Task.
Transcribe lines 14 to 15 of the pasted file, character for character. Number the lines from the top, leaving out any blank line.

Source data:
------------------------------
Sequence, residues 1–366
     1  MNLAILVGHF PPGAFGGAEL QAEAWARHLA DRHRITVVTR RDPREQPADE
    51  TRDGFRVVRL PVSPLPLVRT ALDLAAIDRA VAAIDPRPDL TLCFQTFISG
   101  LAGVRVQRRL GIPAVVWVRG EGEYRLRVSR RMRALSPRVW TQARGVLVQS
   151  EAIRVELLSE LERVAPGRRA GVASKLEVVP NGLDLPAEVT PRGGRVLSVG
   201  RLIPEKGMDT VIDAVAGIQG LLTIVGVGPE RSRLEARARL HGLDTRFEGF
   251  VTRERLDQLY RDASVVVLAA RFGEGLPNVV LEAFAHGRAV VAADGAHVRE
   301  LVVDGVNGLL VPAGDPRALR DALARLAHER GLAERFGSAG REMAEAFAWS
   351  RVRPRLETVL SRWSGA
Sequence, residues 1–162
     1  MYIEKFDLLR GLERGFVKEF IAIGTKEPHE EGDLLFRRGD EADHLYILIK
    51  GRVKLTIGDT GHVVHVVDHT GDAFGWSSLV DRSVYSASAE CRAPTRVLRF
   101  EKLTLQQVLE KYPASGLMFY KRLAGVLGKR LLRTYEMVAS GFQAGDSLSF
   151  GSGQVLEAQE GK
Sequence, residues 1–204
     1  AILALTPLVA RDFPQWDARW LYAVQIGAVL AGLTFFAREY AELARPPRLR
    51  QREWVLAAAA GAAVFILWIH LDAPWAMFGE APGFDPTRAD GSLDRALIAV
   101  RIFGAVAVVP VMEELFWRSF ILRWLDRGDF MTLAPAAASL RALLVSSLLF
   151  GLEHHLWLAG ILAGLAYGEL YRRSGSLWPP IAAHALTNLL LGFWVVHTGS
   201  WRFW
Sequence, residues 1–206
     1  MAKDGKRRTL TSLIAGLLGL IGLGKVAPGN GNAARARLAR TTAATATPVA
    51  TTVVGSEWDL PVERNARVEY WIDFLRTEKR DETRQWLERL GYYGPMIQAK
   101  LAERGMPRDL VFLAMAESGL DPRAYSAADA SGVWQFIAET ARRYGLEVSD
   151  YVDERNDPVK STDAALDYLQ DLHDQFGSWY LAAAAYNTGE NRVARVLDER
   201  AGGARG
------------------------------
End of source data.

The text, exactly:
   151  GSGQVLEAQE GK
Sequence, residues 1–204